Tuesday, January 6, 2009

Cranes Roost and the Boat Tailed Grackle...

Next in my list of birds from uptown Altamonte. The Brown Headed Cowbird. Or so I thought...

Update and Edit to this post:
Thanks to my faithful and gracious readers I have a correct ID on this bird as well as a first for me. Friends, I submit to you the Boat-Tailed Grackle. The birds are the same but the information has been changed to the correct bird. So please take the time to see if you can learn something new about the Boat-Tailed Grackle as I certainly learned. If you are reading this post after the edit, I misidentified this bird as a Brown-Headed Cowbird.

Did you know:
A large, long-tailed blackbird, the Boat-tailed Grackle is found exclusively along the Gulf and Atlantic coasts of the United States. The noisy, iridescent, purple-black male is hard to miss when it displays on power lines and telephone poles. The smaller brown female is much less conspicuous, and might even be mistaken for a different species. (sorry, I had to hightlight that part!)

Sex Differences
Male iridescent black. Female dull brown and significantly smaller.

Eye color in the Boat-tailed Grackle varies from region to region. Grackles along the Atlantic coast north of Florida have straw-colored eyes. Florida birds have dark eyes. Grackles west of Florida to eastern Louisiana have light eyes, but those further west have dark ones.

Fledglings that fall into the water can swim well for short distances, using their wings as paddles.
The Boat-tailed Grackle has an odd mating system: harem defense polygyny. Females cluster their nests, and the males compete to defend the entire colony and mate there. The most dominant male gets most of the copulations in a system similar to that used by many deer. But all is not as simple as it seems. Although the dominant male may get up to 87% of the copulations at a colony, DNA fingerprinting shows that he actually sires only about 25% of the young in the colony. Most of the young are fathered by noncolony males away from the colonies.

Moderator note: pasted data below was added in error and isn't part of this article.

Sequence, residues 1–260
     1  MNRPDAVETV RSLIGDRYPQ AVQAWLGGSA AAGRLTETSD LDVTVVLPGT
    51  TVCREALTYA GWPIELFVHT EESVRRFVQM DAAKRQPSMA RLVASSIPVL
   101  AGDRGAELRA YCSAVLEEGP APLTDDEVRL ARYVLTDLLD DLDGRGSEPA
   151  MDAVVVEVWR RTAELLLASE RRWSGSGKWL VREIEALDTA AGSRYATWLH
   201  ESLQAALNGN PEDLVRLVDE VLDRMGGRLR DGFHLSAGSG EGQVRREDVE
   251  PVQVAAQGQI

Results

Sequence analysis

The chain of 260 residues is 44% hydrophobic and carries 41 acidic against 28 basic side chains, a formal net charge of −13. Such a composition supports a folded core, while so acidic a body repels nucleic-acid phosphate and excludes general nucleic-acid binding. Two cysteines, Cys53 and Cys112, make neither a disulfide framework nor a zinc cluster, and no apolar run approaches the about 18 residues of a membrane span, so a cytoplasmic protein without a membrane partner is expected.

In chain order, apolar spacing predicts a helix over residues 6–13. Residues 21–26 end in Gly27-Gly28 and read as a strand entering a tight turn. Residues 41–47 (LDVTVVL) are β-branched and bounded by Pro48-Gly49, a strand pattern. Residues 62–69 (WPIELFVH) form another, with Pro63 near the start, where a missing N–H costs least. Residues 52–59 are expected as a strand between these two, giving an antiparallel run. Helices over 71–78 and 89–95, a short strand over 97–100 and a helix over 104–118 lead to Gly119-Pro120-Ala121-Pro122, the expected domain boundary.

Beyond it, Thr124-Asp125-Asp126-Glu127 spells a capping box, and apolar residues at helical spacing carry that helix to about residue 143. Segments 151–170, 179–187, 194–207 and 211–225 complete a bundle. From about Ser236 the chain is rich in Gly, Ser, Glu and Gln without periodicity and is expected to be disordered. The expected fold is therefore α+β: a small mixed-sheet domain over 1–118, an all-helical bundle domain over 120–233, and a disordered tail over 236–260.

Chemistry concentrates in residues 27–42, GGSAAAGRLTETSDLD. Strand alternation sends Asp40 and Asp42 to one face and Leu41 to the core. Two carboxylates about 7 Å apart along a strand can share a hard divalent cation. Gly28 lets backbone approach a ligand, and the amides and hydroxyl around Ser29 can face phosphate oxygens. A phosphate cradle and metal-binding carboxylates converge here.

Did you know brought to you by the Cornell Lab of Ornithology.

Thanks for stopping by and please leave a comment. Also a big thank you to all of the birders out there that help me all the time to learn more and more about the birding world!



Shellmo said...

Craig - I like seeing all of them lined up on the wire like that! And thanks for the info on the cowbird!

Leedra said...

Look at the bill, I think it is a Boat Tailed Grackle. Possibly not, but that bill looks too long and pointed for the Brown Headed Cowbird. Check mine out http://photographybyleedra.blogspot.com/2008/11/rusty-blackbird.html
and see what you think. If the link does not work, go to the left sidebar for Boat Tailed Grackle.

dAwN said...

Hi Craig,
Sorry about bringing the cold! I love it cooler as you know!
I have to agree with Leedra...I think you have Boat Tailed Grackles here...Much longer bill than the brown headed cowbird..
what ya thinK?

Tina said...

I don't think I've even seen a boat-tailed grackle..but like shelley, love the pic of them all lined up on the wire!! great shot

Craig Glenn said...

Well Howdy do... I just learned me a new bird! Thank you Leedra and all. It is a Boat-Tailed Grackle! I never knew there was such a thing. It make take me a few days but I will get the post updated.

Yay Boat-Tailed Grackle! :)


Leedra said...

Add another bird to your lifer list. Always fun. This one was new for me this year, I was excited! I like you had never even heard of it.

Bird Girl said...

Shot #2 of that Cowbird is really cool! I love the city background - the whole picture looks so three dimensional!

Annie said...

That is all very interesting...and quite a funny name for a bird..!!

We have cuckoos here that do that...nest in other birds nests..


ps I got a lovely shot of a young bird, (possibly a magpie or butcher bird) while I was out photographing the sunrise this morning..it seemed as if he was trying to talk to me, certainly not afraid. Will hopefully be in a post soon!


Salty said...

Some bird Id's can be quite tricky. Cowbirds are summer visitors in my area and are mostly seen with herds of cows. They gather where the cows are feeding and hop along on the ground around their feet. Cowbirds are considerably smaller than the Boat-Tailed Grackle females you have here.

Leedra said...

I like your update, especially the part about highlighting that part. We are all still in the learning stages.

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